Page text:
Civil rights and the legacy of John Lewis


SALT LAKE CITY (ABC4) – Saturday marked a year since civil rights icon John Lewis died of pancreatic cancer at the age of 80.

Communities across the country, including right here in Salt Lake City, have held candlelight vigils in his honor and rallied for congressional lawmakers to pass John Lewis’s Voting Rights Act. Lewis fought tirelessly, walking the streets and fighting in Congress for equal voting rights throughout his life.

One of the most notable events in Lewis’s life was when he was beaten by police as he walked for the franchise on the Edmund Pettus Bridge in Selma, Alabama, in 1965. Yet, he continued to advocate and lobby for the Voting Rights Act, which was eventually passed by the House and Senate, and signed by President Lyndon B. Johnson. He then served 17 terms in the United States House of Representatives for Georgia’s 5th Congressional District from 1987 until his death in 2020.

The anniversary of his death comes amid a controversial national debate over whether electoral laws should be changed, as 17 Republican-controlled states are considering or have already passed laws mandating when and where citizens can vote. Supporters say it is a response to allegations of electoral fraud, repeatedly made by former President Donald Trump in the months following his presidential defeat. However, opponents say the claims are false and unsupported by evidence. They also say the laws make it more difficult for marginalized communities, which already have low turnout, to vote.

Over the past week, House Democrats from Texas traveled to Washington DC to pressure congressional lawmakers to enact new federal rules for holding an election that would override any action by the State. Ohio Congresswoman Joyce Beatty was arrested after participating in a suffrage protest in Washington DC Minnesota Senator Amy Klobuchar called her Senate Rules Committee hearing in Atlanta on Georgia’s new electoral law. Republican US senators refused to attend the hearing and Georgia Republicans called it a “circus,” saying their bill actually makes it easier to vote and harder to cheat.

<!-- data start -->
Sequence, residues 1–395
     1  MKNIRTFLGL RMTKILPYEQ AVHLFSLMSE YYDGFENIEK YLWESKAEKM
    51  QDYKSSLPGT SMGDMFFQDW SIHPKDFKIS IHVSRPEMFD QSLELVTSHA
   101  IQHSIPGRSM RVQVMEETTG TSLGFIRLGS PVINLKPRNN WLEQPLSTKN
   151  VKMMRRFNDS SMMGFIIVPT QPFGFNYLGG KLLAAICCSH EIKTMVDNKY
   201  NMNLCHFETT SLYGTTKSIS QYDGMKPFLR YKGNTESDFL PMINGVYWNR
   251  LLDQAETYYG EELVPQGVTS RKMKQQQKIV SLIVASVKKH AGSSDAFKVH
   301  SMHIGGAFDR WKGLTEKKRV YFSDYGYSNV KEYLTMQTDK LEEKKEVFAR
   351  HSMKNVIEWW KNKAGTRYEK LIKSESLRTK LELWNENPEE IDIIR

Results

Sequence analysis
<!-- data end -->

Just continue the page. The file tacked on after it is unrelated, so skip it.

A panel of civil rights leaders and community activists joined ABC4’s Rosie Nguyen on CW30 News at 7 p.m. to discuss Lewis’ legacy and the work that remains to be done in the equity and equality movement. . Guests were Jeanetta Williams, president of the NAACP Salt Lake Branch; Darlene McDonald, author and social activist; and Betty Sawyer, President of the Ogden NAACP.

The panel discussed how Lewis inspires and influences the work they continue to do today, what are some of the biggest challenges and obstacles in the struggle for civil rights, the current state of the movement in the States- United, the significance of what happened in 2020 after the death of George Floyd, and their thoughts on the national debate on changing electoral laws.

To watch the full IN FOCUS discussion with Williams, McDonald and Sawyer, click on the video at the top of the article.

Watch IN FOCUS chats with ABC4’s Rosie Nguyen on weeknights on CW30 News at 7 p.m..

Rosie Nguyen is an award-winning reporter who joined the ABC4 News team as a reporter in January 2018. In September 2020, she embarked on a new journey as a presenter of CW30 News at 7pm. Although no longer in the field, she pursues her passion for social justice and community issues through the nightly “In Focus” discussions.


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